Talibam! – music as a new species.

Ever feel like your music just doesn’t fuck with you enough?

Ever get the feeling you want your mind placed in a blender and the high button pressed?

Well, I’ve totally got the goods for you.

According to their bandcamp page,  The “Launch Pad” series was created by Talibam! to explore new sound relationships in the digital world. Using recent album releases by contemporary artists as the launching pad, Talibam! feels inspired to paint and mold the music into a new species, blurring the lines between inconspicuous and conspicuous consumption/appropriation.  Launch Pad #2 features Frank Ocean’s “channel ORANGE” as the catalyst. More Launch Pads to follow.

I rather like the Launchpad series, and I have a soft spot for the ideaoloogy behind it. I like some of the older stuff…

… and then the cool baked newness of the wild current Launch Pad album sits well wiht me also.

I am a little in love with what these guys to do the muzak. If the artist is the subject or agent of the aesthetic contract then they are given a chance to reemerge at the hands of Talibam! with a new articulation and therefore a new listening. This is a set of experiments that rush to fill the void that surrounds the artistic creation. That void evoked by our relationship with the artist as the deity of creative and intellectual endeavour. It is a certain kind of social contract that determines what artists are and what constitutes authentic and valued artistic products as well as the considerable risks and privileges that are accrued to the artist. In this music transference, they mess with the holy or holies. The most sacred within us – artistic endeavour.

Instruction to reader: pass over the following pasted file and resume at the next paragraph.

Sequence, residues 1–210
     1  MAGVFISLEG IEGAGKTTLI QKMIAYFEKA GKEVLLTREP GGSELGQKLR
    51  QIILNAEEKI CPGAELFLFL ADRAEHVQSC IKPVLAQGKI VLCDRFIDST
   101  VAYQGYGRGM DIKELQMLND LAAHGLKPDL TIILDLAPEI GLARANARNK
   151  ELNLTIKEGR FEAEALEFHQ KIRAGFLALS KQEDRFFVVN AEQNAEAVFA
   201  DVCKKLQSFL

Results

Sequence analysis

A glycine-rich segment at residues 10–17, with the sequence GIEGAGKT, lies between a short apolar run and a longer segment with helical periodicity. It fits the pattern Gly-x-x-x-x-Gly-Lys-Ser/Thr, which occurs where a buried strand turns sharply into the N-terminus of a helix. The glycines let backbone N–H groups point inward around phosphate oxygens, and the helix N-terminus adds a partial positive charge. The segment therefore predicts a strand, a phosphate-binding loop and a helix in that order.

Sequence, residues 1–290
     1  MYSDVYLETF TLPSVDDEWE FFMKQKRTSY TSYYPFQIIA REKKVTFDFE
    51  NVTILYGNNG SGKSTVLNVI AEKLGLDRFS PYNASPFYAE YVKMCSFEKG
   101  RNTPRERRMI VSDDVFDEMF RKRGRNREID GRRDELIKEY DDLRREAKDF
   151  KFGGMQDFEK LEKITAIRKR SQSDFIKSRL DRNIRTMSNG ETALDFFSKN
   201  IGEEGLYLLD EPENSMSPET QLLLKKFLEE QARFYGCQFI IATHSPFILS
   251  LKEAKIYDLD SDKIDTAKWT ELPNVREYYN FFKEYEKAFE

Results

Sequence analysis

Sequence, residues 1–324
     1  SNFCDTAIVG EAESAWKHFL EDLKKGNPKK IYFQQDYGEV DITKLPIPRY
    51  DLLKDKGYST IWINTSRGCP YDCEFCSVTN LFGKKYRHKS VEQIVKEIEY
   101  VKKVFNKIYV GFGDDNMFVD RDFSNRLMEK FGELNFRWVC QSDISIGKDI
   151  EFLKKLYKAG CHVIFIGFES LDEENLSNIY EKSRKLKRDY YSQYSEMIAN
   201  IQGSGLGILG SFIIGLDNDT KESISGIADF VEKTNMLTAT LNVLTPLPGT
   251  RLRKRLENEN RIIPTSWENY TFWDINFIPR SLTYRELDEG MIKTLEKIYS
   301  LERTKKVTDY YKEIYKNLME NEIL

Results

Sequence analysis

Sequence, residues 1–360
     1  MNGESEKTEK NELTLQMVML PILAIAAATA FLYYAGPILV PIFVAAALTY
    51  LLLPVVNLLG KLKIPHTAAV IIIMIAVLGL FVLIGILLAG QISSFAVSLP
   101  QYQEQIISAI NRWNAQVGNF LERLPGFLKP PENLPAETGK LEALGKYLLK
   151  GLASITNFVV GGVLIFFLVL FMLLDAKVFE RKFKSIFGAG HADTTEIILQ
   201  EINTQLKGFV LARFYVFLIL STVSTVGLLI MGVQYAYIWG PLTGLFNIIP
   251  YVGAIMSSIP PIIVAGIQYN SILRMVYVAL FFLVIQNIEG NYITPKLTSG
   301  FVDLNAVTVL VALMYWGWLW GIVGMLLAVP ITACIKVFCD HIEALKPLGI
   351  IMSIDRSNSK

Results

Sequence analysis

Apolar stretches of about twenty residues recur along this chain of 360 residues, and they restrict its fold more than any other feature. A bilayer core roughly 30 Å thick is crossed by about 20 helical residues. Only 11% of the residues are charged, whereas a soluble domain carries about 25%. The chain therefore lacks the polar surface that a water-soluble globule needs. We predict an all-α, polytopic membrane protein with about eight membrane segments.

None of this is done with the intention of improving the works, elevating the works or projecting their own personality and thereby appropriating the works. Its more of a commentary on the age we live in and the sounds that battle out side for our inside.  By their refusal to attempt any colonization on their own part, they assault and attack our own pretensions at ownership – a disease in the world of music listening that I believe needs to be cured. We “own” sound in a way we do not “own” other art forms. The other is welcome when they love that film, book or art work.  However they are looked upon with a kind of suspicion when they aspire to love a song as much as I do. Then the battle becomes personal. It’s my song after all.

For me, little needs to be addressed as completely within music as this pretension to ownership.  And Talibam! are playing another crucial part in our forward journey to that ideal.

Check out their music here and buy their music here.

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